The Contortionist’s New Challenge

Frontman Mike Lessard was still a fresh face in The Contortionist when the band’s third LP, Language, came out in 2014. The album was recorded less than 12 months after he replaced former vocalist Jonathan Carpenter. However, the personnel disruption didn’t turn out to be a setback – Language not only showed an evolution in the band’s sound, but gained wide praise from critics, and increased The Contortionist’s fanbase.

“Early on I felt pretty comfortable,” says Lessard. “I’d known the guys for three years or so. I toured with them in my previous band [Last Chance to Reason]. We had mutual respect for each other, so it’s not like I felt like I was coming into a situation and I had to hold my tongue. When it came to the creative process, I do what I always do: I sit and look at the material and add to it.”

 

Indeed, rather than feeling like an outsider, Lessard was encouraged to inject his own ideas into The Contortionist’s sound.

 

“They gave me full creative control when it came to the vocals,” he says. “I wrote the opening sequence for the album. I just jumped in and started doing my thing. I didn’t really want to hold back, because there was no real point to.

 

“The guys had a vision of what they could possibly do [on Language]. They didn’t want to create the same sound. They wanted to explore new territory with what they could do. So I guess [me joining] gave them an excuse to explore some new genres, which they were going to do anyway. It’s in our natures.”

 

The genre exploration continues on Clairvoyant, the progressive metal band’s fourth LP, due in September. The American sextet upholds its reputation as an instrumentally complex progressive metal act while also including melodic sophistication, quieter, reflective moments, and jazz flourishes that resemble the likes of Meshuggah.

 

“There are no set guidelines when we go in to work on an album, no - ‘this is what we have to do,’” Lessard says. “We generally all like cohesive albums – albums that flow. There’s no break in between songs; it captures somebody’s attention for the whole period. There’s no moment where the trance is broken. That’s one of the things we aim to do.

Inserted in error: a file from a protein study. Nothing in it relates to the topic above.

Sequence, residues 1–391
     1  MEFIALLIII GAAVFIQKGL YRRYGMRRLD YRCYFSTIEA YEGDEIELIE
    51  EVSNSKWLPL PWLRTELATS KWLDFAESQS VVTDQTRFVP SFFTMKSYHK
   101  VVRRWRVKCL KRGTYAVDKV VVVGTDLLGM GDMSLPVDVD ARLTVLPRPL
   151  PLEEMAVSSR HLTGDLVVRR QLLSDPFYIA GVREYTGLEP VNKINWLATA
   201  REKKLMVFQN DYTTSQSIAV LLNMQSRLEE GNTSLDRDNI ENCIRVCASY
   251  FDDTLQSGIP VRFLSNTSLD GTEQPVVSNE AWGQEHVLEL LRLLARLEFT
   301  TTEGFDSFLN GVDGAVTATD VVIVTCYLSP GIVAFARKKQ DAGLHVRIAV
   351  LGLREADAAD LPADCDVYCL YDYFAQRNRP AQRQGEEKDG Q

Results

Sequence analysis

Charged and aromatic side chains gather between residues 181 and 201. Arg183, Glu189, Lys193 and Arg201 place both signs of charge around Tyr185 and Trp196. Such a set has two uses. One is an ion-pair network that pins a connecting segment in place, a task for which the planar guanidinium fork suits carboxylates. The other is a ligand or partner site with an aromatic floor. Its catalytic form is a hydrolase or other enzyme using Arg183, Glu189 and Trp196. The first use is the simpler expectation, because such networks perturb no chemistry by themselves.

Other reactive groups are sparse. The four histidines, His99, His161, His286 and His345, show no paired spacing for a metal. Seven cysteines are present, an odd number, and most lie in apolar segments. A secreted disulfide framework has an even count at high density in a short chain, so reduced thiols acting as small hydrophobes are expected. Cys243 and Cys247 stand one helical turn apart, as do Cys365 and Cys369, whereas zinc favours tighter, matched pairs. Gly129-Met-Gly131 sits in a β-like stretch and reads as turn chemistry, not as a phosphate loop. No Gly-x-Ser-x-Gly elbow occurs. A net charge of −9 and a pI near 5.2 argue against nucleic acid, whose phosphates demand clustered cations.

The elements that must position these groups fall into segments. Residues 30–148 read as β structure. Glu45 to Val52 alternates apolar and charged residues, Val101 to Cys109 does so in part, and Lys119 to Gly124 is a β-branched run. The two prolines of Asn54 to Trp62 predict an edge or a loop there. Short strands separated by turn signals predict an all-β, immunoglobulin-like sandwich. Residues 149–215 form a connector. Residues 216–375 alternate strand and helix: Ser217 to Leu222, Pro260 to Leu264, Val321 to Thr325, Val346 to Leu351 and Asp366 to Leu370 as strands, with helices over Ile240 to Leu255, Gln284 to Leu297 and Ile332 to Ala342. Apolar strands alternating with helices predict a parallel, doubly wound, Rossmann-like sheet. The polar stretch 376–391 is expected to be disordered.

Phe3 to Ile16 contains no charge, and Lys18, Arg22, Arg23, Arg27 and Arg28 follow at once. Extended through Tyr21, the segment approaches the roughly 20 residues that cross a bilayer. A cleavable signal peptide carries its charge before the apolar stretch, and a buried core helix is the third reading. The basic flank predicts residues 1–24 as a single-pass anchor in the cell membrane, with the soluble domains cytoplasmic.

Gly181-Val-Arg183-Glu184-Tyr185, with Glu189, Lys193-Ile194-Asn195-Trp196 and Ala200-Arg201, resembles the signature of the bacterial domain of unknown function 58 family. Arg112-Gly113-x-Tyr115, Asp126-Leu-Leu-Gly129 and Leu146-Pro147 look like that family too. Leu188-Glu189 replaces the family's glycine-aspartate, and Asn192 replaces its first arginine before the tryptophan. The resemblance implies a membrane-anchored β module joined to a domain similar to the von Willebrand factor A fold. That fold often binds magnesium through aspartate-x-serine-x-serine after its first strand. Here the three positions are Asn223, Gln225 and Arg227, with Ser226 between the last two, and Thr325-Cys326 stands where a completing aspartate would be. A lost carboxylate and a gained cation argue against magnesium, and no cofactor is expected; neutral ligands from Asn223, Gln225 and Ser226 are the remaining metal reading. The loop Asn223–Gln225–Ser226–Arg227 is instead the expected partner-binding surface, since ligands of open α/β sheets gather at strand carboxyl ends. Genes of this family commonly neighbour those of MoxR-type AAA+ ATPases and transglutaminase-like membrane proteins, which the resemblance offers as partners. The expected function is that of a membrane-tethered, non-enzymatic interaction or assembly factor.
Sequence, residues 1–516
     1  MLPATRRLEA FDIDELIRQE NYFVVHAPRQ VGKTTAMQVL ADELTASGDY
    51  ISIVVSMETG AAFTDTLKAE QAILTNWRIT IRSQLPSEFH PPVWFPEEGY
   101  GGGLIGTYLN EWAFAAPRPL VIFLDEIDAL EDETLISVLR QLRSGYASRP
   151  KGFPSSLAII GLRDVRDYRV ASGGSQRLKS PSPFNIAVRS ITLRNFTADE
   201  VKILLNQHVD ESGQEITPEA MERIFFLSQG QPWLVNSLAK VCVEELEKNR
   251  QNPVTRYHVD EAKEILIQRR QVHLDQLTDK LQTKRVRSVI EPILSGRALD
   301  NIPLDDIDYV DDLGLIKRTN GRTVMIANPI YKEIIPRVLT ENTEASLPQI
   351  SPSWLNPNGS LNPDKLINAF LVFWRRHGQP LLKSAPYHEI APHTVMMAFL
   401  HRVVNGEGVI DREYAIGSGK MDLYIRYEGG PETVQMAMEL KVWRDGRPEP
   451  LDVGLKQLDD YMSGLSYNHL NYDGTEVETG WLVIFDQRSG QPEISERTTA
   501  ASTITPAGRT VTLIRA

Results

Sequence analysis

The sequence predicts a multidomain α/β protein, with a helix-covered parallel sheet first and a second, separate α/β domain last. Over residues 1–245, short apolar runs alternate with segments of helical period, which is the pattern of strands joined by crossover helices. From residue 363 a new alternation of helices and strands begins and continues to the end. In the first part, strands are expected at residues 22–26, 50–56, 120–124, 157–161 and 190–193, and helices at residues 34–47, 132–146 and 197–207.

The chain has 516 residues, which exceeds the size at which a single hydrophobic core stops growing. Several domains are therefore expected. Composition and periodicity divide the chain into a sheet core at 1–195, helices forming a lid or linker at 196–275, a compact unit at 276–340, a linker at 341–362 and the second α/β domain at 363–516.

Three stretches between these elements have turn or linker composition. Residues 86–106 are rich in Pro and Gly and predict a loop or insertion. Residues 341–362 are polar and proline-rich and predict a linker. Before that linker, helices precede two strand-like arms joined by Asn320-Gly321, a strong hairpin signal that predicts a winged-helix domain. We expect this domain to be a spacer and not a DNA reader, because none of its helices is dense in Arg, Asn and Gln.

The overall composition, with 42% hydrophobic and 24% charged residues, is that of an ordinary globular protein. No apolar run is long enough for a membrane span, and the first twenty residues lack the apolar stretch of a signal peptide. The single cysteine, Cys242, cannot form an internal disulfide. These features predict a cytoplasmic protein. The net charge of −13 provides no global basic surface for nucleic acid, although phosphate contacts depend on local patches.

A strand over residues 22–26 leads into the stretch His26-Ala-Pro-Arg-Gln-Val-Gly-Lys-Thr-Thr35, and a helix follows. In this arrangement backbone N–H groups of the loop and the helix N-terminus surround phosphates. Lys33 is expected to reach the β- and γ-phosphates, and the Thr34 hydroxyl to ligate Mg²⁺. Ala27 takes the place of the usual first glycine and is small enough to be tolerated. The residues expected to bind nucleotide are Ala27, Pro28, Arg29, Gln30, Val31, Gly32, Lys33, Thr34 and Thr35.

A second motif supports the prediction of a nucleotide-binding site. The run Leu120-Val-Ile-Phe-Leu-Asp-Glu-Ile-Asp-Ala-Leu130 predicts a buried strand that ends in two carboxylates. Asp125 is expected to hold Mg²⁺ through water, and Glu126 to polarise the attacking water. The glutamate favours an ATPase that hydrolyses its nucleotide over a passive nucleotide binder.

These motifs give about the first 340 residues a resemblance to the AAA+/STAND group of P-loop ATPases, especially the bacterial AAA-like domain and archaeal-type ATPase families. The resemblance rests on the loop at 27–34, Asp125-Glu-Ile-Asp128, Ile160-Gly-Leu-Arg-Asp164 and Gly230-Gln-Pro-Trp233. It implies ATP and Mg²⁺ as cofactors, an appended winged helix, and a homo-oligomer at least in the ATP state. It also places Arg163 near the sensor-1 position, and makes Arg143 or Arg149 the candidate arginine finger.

“We wanted to try going to a more traditional style of composition for some of the tracks – verses, choruses and bridges – and that was a new challenge for us. To try to make the sound fit within that was an interesting thing.”

 

It’s exhausting to even contemplate the construction of an album as detailed as Clairvoyant. Lessard explains how the band members stay motivated through such a laborious writing and production process.

 

“You can’t do the same thing to get motivated,” he says. “You don’t know where inspiration’s going to come from. I watch movies, I listen to soundtracks, I look at paintings – I try not to stay stuck. If I’m staying on my couch and mindlessly doing things, that can cause me to be very complacent and unmotivated. Jumping from thing to thing keeps my mind going.”

 

Like Langugage, Clairvoyant was recorded with producer and engineer Jamie King. King has also worked with the likes of Between the Buried and Me and Lessard’s previous band, Last Chance to Reason. The Contortionist’s working relationship with King has now developed to the point that he feels like another band member.

 

“He’s a part of the process,” Lessard says. “At the end of the day, Jamie is a fan of music as much as he is a businessman trying to get business. But I’ve worked with him three times and I’ll probably work a million more times with Jamie. He’s one of the best human beings I’ve ever met. He’s honest, he’s humble, he’s smart, he’s hardworking. He’s everything you’d want out of a person. And that’s why it’s awesome to have him.”

 

 

Clairvoyant by The Contortionist will be released on Friday September 15 via Entertainment One/Good Fight Music.

Comments